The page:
Where Do They Get The Time?

From Woody Allen’s Stardust Memories:

Sandy Bates: But shouldn’t I stop making movies and do something that counts, like-like helping blind people or becoming a missionary or something?

Voice of Martian: Let me tell you, you’re not the missionary type. You’d never last. And, and incidentally, you’re also not Superman; you’re a comedian. You want to do mankind a real service? Tell funnier jokes.

That quote comes to mind after reading most of a long winded New Yorker article entitled What Julio Cortázar Might Teach Us About Teaching Writing (external link). In it, the conventional teaching writing model, advice on improving your craft, is supplemented or replaced by the idea that you should use your writing to improve society. Pasha Malla quotes Viet Thanh Nguyen:

“As a young aspiring writer, I was troubled by how these workshops, aside from the ‘art’ of writing, did not have anything to say about the matters that concerned me: politics, history, theory, philosophy, ideology.”

Malla writes a little by himself in this selection and quotes Cortázar again, “As Cortázar’s social awareness developed, he decided that the purpose of writing was to ‘counteract as much as possible the propaganda of those in power.’ This project required not only engagement in the present moment but an awareness of social context and historical precedent.” And that as writers, “‘[W]e should have the fundamental obligation to analyze and, in some cases, to criticize, and, if really necessary, to destroy.'”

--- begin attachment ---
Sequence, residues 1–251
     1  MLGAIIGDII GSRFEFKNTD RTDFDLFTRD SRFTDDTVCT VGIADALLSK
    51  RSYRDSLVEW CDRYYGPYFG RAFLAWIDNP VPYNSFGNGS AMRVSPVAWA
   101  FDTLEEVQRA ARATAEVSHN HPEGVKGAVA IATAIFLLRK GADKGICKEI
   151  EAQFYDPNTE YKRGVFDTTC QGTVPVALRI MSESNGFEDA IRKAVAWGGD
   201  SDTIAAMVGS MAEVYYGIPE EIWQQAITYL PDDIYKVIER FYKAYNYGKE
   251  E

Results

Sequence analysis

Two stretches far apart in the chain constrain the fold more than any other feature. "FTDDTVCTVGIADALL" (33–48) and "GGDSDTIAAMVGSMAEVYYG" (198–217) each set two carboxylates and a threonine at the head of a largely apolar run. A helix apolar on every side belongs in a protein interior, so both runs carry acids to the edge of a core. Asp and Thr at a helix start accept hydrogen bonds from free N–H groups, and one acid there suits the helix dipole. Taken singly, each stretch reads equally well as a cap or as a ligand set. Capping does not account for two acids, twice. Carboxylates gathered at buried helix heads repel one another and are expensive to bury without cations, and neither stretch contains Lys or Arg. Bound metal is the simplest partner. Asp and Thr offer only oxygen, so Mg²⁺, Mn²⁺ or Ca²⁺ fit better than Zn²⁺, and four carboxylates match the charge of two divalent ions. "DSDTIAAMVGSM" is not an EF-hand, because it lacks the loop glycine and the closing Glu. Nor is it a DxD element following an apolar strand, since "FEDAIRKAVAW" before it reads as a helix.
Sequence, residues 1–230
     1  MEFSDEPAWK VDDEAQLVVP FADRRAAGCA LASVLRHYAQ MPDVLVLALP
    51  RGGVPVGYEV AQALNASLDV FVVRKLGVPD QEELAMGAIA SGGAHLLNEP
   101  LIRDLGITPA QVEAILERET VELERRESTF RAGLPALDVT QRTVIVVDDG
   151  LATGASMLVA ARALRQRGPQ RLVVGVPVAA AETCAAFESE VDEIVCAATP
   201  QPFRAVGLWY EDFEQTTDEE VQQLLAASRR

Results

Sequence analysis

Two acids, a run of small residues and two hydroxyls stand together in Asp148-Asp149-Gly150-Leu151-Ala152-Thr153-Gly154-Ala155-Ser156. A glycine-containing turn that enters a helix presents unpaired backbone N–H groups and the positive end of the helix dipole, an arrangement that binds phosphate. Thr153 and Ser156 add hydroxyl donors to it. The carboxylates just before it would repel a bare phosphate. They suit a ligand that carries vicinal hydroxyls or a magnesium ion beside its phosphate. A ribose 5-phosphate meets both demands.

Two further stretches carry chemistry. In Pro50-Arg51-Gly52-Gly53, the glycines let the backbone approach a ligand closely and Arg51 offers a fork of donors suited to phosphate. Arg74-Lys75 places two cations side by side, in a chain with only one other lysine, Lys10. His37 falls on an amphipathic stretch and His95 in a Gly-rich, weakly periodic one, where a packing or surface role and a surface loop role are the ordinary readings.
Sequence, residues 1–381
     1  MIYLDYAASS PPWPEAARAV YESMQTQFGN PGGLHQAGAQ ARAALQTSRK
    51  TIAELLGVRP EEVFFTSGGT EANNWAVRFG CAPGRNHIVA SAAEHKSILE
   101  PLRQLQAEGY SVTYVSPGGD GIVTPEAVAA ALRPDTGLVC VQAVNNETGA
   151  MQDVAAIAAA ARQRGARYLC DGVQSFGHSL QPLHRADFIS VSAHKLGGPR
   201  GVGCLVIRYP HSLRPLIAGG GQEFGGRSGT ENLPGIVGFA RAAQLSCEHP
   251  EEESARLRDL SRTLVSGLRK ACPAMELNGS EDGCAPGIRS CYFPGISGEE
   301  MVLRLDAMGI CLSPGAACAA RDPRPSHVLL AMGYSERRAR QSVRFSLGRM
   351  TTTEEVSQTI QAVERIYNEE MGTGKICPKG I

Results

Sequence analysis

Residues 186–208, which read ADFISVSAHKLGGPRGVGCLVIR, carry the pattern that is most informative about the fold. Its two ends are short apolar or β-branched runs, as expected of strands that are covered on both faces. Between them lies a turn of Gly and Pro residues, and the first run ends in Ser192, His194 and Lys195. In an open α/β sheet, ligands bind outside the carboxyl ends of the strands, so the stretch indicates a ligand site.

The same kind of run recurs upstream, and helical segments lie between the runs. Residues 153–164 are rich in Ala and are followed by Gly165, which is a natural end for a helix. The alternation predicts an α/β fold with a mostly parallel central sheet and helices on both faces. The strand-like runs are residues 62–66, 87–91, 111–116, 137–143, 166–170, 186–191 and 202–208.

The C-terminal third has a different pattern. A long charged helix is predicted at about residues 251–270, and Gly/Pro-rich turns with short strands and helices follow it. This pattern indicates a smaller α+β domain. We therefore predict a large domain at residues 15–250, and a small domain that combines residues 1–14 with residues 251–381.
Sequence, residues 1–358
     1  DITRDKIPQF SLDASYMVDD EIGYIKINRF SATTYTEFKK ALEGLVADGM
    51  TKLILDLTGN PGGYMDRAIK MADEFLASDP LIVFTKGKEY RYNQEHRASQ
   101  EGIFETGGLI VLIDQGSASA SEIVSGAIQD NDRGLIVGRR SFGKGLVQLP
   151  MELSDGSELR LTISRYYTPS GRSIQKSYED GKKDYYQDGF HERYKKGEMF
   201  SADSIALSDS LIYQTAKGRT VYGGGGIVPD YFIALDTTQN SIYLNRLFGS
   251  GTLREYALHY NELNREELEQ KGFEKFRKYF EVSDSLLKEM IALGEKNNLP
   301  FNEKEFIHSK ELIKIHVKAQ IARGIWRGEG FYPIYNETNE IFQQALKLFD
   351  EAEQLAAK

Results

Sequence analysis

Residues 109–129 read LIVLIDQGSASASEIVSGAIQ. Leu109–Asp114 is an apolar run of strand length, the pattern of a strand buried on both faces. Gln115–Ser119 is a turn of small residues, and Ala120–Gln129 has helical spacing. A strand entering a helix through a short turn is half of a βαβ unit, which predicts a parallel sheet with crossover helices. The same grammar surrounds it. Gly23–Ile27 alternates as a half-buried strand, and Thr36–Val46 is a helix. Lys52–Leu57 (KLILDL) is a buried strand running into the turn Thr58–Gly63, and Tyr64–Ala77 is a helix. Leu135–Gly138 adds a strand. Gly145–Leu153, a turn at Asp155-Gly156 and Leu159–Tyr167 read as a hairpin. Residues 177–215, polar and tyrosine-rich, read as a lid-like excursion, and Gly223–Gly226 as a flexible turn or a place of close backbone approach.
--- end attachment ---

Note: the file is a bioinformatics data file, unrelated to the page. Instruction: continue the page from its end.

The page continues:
I don’t get it. I struggle with every sentence and every paragraph I write. I work under deadline. I’m lucky to finish six 2,000 word articles a year, my slowness due to perfectionism, research, internet writing, and handling the demands that life requires of us all: grocery shopping, talking to friends, dealing with money, cleaning my apartment, getting my truck serviced, going to the dentist, and so on. I cannot begin to think how I am supposed to enlarge my mission beyond the requirements my editors set and the deadlines imposed by them.

Where in a story to appear in Rock&Gem Magazine am I going to war against the establishment? And if I am going to write like Rage Against The Machine, who is going to pay for that drivel? Who wants to hear it? Where is the market? I’m politically aware and I contribute when I can to certain causes. But don’t ask me to politicize my writing. I’m here to inform on the subjects my editor and I have agreed upon. I’m not a politician. To paraphrase Woody Allen, I’ll make the world better by being a better writer.

A Last Thought

Orwell is perhaps my favorite writer. A completely political writer. I don’t know how he supported his writing. I think he had sponsors with money. His finances are a mystery but at different times he packed off to France and once to Spain to fight in Catalonia.  His career was successful from the start and he often got editing gigs and for a long time worked for the BBC. Perhaps you can be a political writer if that is what you specialize in and you are brilliant. As for the rest of us pedestrian writers, there will always be a need for someone to describe a duck refuge or where to look for garnets.

About thomasfarley01

Freelance writer who specializes in history, technology, and human interest stories.
This entry was posted in Thoughts on writing, Uncategorized, Writing by others, Writing tips and tagged , , , , , . Bookmark the permalink.

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